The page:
Understanding utility regulations is like playing chess. There are lots of parts and pieces – some players can control and others they cannot. Making the wrong move can lead to expensive consequences for consumers. Many New Orleanians have been perplexed by the ever-changing fuel adjustment charges and other unanticipated costs that appear on their monthly bill.
What’s a customer to do? After the demise of NOPSI, the City Council gave Entergy New Orleans the legal right to supply the city with reliable, affordable gas and electric power so that homes and businesses are relatively cool in the summer and warm in the winter. Entergy New Orleans is also a business that has a financial obligation to its investors to turn a profit.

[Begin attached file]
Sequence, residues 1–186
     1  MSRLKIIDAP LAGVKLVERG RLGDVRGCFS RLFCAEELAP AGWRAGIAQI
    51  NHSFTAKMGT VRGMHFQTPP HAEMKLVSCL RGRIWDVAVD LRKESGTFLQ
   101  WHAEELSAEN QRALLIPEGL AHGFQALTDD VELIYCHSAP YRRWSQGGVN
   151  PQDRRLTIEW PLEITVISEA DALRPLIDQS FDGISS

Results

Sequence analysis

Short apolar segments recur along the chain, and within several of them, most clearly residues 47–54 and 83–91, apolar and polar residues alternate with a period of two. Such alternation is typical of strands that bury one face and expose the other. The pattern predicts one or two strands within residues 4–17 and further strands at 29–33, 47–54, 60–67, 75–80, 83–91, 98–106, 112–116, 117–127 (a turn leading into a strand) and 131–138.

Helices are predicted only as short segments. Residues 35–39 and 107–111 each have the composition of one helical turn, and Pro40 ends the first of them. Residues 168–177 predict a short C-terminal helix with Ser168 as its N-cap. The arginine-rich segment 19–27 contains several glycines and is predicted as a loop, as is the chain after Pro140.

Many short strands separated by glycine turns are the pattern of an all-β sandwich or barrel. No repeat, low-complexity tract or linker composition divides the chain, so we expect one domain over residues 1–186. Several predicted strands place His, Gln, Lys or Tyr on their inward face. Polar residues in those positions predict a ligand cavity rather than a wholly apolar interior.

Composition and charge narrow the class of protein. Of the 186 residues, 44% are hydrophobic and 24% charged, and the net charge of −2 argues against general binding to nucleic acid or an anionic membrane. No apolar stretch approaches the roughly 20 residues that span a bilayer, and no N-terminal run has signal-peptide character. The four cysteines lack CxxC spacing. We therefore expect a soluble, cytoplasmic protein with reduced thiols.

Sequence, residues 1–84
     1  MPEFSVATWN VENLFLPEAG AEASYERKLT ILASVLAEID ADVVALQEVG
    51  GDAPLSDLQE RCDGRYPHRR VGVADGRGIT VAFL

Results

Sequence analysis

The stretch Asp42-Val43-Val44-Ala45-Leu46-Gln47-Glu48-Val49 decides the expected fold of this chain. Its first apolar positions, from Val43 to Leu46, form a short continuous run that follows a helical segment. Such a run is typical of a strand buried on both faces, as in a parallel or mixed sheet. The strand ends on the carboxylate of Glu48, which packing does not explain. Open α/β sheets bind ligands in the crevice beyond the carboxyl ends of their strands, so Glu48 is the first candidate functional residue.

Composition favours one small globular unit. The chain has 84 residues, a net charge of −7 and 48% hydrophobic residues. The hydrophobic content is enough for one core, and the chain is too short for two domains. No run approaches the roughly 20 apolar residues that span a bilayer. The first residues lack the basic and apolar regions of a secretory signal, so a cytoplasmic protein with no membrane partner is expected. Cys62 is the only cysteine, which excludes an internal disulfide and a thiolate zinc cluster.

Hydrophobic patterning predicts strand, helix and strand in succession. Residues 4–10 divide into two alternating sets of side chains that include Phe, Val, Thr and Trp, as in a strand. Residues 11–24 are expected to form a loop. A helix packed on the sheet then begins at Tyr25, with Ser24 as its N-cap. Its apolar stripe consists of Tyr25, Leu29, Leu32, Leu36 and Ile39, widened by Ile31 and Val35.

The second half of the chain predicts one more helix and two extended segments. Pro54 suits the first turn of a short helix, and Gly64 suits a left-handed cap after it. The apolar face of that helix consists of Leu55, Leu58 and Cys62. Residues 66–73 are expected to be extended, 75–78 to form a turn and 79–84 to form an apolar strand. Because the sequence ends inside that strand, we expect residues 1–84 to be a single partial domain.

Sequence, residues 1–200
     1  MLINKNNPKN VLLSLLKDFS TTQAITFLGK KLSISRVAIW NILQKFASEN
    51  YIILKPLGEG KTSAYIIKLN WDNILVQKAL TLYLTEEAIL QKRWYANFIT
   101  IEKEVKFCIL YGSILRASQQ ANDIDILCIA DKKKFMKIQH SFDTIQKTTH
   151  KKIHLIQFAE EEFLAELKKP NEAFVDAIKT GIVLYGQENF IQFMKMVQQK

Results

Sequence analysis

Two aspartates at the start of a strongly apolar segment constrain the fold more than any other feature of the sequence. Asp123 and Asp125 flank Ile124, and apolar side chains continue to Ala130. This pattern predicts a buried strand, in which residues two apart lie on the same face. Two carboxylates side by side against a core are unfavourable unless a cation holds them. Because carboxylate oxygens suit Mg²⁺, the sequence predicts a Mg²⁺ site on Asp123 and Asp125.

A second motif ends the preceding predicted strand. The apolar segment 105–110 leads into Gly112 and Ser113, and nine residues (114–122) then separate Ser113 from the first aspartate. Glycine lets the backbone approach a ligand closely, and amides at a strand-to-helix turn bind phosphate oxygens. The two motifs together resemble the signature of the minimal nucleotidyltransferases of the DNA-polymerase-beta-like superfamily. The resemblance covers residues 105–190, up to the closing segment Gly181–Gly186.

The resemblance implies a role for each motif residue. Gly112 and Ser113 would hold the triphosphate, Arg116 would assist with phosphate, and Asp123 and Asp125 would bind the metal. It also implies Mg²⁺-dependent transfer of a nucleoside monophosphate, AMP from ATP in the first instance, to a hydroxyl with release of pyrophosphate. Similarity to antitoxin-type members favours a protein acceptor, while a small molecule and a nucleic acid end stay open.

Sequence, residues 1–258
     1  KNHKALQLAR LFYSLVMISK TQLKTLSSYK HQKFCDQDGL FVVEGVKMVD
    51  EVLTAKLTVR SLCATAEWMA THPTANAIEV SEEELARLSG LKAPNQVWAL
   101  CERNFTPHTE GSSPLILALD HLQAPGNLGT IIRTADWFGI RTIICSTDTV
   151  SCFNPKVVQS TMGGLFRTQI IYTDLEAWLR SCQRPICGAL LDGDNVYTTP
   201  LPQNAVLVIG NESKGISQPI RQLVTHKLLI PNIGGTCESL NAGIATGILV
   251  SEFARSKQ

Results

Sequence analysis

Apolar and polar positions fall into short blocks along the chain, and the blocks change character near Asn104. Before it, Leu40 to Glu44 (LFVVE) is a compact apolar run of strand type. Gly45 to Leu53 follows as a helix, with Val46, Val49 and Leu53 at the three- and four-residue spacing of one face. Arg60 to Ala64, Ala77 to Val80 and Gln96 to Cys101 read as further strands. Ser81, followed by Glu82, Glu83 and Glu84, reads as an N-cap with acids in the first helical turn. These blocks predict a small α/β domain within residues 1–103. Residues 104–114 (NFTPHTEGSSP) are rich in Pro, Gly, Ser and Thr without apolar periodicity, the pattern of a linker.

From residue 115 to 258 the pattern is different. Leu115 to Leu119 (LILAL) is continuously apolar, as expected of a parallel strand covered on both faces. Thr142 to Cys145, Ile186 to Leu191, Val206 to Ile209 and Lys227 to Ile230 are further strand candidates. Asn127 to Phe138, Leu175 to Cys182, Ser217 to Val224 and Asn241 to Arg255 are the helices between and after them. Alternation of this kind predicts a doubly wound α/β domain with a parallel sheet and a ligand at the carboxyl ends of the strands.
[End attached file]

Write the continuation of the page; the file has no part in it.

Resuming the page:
A New Orleans City Council committee rejected a proposal to generate significant amounts of electricity from solar panels on the roofs of Tulane University dorms, saying in a Tuesday morning meeting that the city first needs a better overall system for regulating new, independent sources of energy. Current regulations allow two different levels of power generation from solar panels: 25 kilowatts from residential customers, and 300 kilowatts from commercial structures, said Matthew Fraser, legislative director for District A Councilmember Susan Guidry. If each room in Tulane’s dorms were to be classified as an independent residential unit for the purposes of solar power generation, that would far exceed the current limits, and a new designation would be needed. Under a concept known as net metering, independent generators of electrical power like Tulane can sell their excess electricity back to Entergy. Entergy has told the city that this process still incurs transmission costs to the utility, however, and if Tulane was generating its own energy, the new transmission costs could get passed on to customers around the city.